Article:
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A number of commercial sectors will reopen Monday as Lebanon moves forward with its gradual reopening from a COVID-19 lockdown. Wholesalers of food, drink and tobacco products as well as an assortment of retailers, from shoe stores to sporting good businesses, are now permitted to reopen their doors. Firass Abiad, the director of Rafik Hariri University Hospital, warned yesterday that even though shops and malls are reopening, the COVID-19 situation is not getting better. Residents will still need permits from the Impact travel app to go to malls, supermarkets, banks and ski resorts, but travel related to dozens of other businesses has been exempted. The 24-hour curfew in place since January has been replaced with a curfew between 8 p.m. and 5 a.m. Meanwhile, 82 more COVID-19 deaths were registered over the weekend. Another batch of Pfizer-BioNTech COVID-19 vaccines arrived in Lebanon on Saturday as the international agency monitoring Lebanon’s scandal-hit vaccination program is preparing to publicize a report that tackles the inoculation of MPs last week.
Frustrations are mounting over increased power blackouts in the country, after the state electricity company promised late last week that the situation would improve. Protesters in Beirut blocked the Ring road at night over the weekend, while the Salim Salam and Corniche al-Mazraa thoroughfares were obstructed yesterday in anger over power cuts. Électricité du Liban announced Thursday that electricity coverage would be boosted once two fuel ships unload their cargo following a payment snafu, but did not offer a concrete timeline. Meanwhile, the Finance Ministry said Friday it had greenlit funds for EDL to receive the fuel. Amid the deteriorating economic situation, concerns have risen that Lebanon’s electricity is facing a total collapse.
Activists have called for a protest today outside the Military Tribunal over the court’s prosecution of civilian defendants on terror charges. Judge Marcel Bassil on Friday ruled in favor of the release of three defendants — among the 35 charged on accusations of rioting in January protests in Tripoli — and referred his decision to the court’s prosecutor. An expected ruling on the request to release 18 detainees, including a minor, was delayed last week due to internet problems. The secretive court’s unusually heavy-handed prosecution, which carries a maximum penalty of death, has raised concerns over the authorities’ handling of alleged crimes committed by protesters.
At a rally attended by thousands on Saturday, the Maronite patriarch called for an international conference on Lebanon and the “liberation of the state.” Bechara al-Rai told the crowd in Bkirki, including supporters of the Lebanese Forces and Kataeb parties, not to be “silent about illegal weapons,” an implicit reference to Hezbollah’s weapons. While the Maronite spiritual leader in the past has said he is not singling out any specific party, participants at the rally interrupted his speech with chants of “terrorist Hezbollah” and “Iran out,” according to our sister publication L’Orient-Le Jour. On Sunday, a Hezbollah MP responded that his party disagrees with the patriarch’s call for a conference under the auspices of the UN, cautioning that “internationalization is a danger to Lebanon.”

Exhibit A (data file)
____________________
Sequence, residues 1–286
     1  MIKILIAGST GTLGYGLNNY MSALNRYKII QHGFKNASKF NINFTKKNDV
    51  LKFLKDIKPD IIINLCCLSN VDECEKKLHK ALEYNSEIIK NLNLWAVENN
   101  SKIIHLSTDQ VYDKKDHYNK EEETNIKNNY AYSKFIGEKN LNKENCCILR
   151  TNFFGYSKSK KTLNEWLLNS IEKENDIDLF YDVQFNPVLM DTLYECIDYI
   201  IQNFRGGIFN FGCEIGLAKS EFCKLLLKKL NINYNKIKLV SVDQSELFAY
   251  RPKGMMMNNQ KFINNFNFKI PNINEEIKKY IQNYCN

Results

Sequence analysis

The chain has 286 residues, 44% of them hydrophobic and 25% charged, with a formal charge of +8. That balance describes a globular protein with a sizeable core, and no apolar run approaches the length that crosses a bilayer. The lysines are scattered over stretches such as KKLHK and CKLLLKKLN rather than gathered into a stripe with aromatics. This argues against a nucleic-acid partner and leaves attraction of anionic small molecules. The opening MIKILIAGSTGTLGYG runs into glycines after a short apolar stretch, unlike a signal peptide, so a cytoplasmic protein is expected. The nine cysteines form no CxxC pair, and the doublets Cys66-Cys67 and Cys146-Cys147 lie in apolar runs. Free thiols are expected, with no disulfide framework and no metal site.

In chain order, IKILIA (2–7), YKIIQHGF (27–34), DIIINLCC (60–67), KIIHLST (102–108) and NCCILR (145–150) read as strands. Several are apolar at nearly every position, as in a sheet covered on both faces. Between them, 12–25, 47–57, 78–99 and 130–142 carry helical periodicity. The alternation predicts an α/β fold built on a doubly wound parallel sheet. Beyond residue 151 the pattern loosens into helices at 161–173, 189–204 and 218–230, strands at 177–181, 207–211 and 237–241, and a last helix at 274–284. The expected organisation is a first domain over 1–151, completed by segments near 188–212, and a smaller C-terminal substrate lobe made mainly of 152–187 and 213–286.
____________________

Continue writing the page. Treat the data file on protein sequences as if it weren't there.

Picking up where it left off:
Volunteers flocked to the Tyre Coast Nature Reserve to help clear away tar from an oil spill that has polluted beaches in southern Lebanon. The head of the National Council for Scientific Research told AFP on Saturday that the reserve for endangered turtles has been ravaged by two tons of tar. Yesterday, the official said that his organization had completed its report on the oil spill and would submit it to the cabinet mid-week. Wide swaths of the southern shoreline in the Sur district were hit by the spill, which impacted occupied Palestine earlier in February amid a media gag by Israeli authorities.
Today, the government reaches the ignominious milestone of being in caretaker status longer than it was active. Hassan Diab’s government resigned in August, 202 days after it was formed amid bold and ultimately unfulfilled promises. Since then — 203 days and counting as of today — a premier-designate has come and gone, while the country’s politicians continue to squabble over the size and distribution of ministerial portfolios for a new government.
Want to get the Morning Brief by email? Click here to sign up.A number of commercial sectors will reopen Monday as Lebanon moves forward with its gradual reopening from a COVID-19 lockdown. Wholesalers of food, drink and tobacco products as well as an assortment of retailers, from shoe stores to sporting good businesses, are now permitted to reopen their doors. Firass Abiad, the director of...